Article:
• Doug said:
      Aug 21, 2018 - 22:19 PM

      During WWII Italy is divided with the North being controlled by the Fascists and the South being liberated by the Allied forces. German Major Martin Bora is ordered to investigate the death of a local Fascist along with local police inspector Guidi, who is also pursing an elusive serial killer. The conflict between the two characters is interesting both in terms of personality and heritage. While they seem to be at odds they do respect each other. Besides his conflicts with Guidi Bora plays a ha [...]

    • Aleksandr Voinov said:
      Aug 21, 2018 - 22:19 PM

      My word, somebody can write and does it. Transfixed.

    • James Murphy said:
      Aug 21, 2018 - 22:19 PM

      To refer to Ben Pastor's Martin Bora novels as mysteries is, I think, to do them a disservice. Yes, Wehrmacht officer Martin Bora gets called upon to investigate murders. He carries out an investigation because he has been ordered to do so. Yet Bora does more than interview potential suspects and visit crime scenes. He tries to understand the various reasons leading to the crime being committed. His methods may annoy a trained investigator, but Bora seeks not only justice but to understand the f [...]

    • Tony said:
      Aug 21, 2018 - 22:19 PM

      Set about four years after the events in Lumen, this second book in the Martin Bora series finds the aristocratic German Army officer stationed near Verona in northern Italy. The intervening years, including two on the Russian front, have taken their toll, and the sober officer is now even more cool and detached than before. The format of the story hews fairly closely to that of the first book: there's a main mystery, a secondary one, and a sidekick. Here, the main plotline follows the murder of [...]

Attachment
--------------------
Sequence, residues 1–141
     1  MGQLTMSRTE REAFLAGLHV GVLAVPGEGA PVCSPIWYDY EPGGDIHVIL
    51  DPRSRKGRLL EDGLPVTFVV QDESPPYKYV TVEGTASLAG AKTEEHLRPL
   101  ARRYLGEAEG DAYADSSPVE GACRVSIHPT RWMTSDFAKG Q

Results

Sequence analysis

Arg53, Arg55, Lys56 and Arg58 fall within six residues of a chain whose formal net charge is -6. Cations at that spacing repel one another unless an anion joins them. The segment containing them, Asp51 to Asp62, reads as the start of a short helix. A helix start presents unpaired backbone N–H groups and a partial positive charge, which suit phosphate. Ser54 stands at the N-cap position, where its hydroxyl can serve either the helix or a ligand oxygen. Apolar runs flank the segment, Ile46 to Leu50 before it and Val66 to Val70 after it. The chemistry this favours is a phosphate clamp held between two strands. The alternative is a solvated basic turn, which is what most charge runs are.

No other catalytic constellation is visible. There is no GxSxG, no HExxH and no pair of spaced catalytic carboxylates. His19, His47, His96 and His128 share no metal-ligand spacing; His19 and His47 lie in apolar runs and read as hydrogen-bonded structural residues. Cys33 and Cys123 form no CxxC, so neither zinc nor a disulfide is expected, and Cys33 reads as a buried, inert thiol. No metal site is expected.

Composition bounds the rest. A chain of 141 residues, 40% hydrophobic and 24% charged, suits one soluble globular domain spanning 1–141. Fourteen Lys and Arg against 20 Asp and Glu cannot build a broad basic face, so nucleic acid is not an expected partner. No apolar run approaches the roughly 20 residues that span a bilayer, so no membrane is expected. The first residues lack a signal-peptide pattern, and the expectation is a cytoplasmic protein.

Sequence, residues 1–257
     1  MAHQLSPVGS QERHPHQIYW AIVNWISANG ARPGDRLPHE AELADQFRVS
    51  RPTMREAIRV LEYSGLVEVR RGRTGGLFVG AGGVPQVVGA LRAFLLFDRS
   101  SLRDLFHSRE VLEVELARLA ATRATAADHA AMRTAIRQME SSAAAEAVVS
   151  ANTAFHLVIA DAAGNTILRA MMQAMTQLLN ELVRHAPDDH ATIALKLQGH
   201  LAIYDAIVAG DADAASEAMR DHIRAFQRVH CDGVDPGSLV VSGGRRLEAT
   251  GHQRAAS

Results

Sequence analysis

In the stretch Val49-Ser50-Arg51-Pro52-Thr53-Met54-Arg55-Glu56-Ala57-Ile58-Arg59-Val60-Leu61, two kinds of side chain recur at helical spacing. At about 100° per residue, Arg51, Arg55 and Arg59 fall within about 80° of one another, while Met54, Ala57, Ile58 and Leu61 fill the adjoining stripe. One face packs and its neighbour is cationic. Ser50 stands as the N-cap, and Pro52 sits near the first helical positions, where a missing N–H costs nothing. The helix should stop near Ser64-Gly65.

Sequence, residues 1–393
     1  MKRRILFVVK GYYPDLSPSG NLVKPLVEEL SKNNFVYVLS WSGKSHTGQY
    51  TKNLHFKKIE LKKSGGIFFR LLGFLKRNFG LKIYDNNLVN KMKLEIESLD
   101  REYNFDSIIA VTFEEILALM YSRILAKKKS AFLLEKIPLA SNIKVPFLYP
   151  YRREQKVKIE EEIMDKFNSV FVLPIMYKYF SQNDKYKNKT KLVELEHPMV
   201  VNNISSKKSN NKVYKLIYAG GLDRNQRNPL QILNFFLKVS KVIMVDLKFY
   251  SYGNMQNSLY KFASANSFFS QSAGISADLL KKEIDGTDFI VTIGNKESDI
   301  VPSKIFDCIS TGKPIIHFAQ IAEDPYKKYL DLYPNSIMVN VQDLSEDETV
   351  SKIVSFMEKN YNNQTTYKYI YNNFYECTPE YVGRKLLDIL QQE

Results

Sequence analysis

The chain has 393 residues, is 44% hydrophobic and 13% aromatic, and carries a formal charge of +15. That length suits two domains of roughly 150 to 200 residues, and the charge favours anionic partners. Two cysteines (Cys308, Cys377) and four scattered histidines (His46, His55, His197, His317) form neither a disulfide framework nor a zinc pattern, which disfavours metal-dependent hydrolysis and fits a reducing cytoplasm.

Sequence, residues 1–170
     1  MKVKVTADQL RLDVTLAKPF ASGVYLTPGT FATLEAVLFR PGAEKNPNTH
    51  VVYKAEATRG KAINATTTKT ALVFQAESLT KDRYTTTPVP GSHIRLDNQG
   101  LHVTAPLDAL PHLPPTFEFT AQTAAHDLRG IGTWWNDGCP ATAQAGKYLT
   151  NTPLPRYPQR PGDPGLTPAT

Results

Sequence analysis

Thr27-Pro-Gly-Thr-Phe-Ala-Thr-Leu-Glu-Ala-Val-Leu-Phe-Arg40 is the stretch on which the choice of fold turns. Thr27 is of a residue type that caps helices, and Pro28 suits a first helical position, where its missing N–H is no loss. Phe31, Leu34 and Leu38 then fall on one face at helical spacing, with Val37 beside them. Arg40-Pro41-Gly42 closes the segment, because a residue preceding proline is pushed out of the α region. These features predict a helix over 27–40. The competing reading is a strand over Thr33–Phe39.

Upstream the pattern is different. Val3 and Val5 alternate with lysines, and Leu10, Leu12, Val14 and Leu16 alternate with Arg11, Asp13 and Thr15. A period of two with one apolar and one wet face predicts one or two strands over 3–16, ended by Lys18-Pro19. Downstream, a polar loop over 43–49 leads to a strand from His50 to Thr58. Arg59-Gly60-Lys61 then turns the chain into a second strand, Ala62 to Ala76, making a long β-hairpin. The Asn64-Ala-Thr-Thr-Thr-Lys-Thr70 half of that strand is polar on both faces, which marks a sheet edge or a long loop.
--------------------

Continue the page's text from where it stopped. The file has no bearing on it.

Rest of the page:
• Jodi said:
      Aug 21, 2018 - 22:19 PM

      “Liar Moon” is the second book in the Martin Bora series.Bora is a Wehrmacht Major who two months after surviving a grenade attack in which he lost his left hand and nearly his leg, is back to work and tasked to investigate the murder of Camerata Vittorio Lisi, a well known Fascist and cripple. The Wehrmacht has zeroed in on Lisi’s very young widow Claretta as the prime suspect and with the help of Police Inspector Sandro Guidi, Bora must find evidence to either convict Claretta or find th [...]

    • Martina said:
      Aug 21, 2018 - 22:19 PM

      second in the Inspector Bora series set during World War II. German policeman now in northern Italy investigates the death, possibly caused by his young wife, of an Italian businessman. Really like this series.We read/discussed the first in this series, Lumen, with the Mystery Book Group in August 2011.

    • Svriddick said:
      Aug 21, 2018 - 22:19 PM

      Mixed feelings about this one - unique World War II detective style book - protagonist is a German soldier who is clearly not at all fond of Hitler or Nazis, but is making his way in a very precarious balancing act. A little slow but I'd read another in the series.

    • Wilde Sky said:
      Aug 21, 2018 - 22:19 PM

      German and Italian officers search for a crazy sniper while trying to determine how an Italian fascist.Good idea for a story, but I found the writing to be really ling winded / stilted and some of the plot points didn’t make any sense. I struggled to finish this book.

    • Judie said:
      Aug 21, 2018 - 22:19 PM

      Love this series.

    • Bunny Maurer said:
      Aug 21, 2018 - 22:19 PM

      Not as good as Lumen but good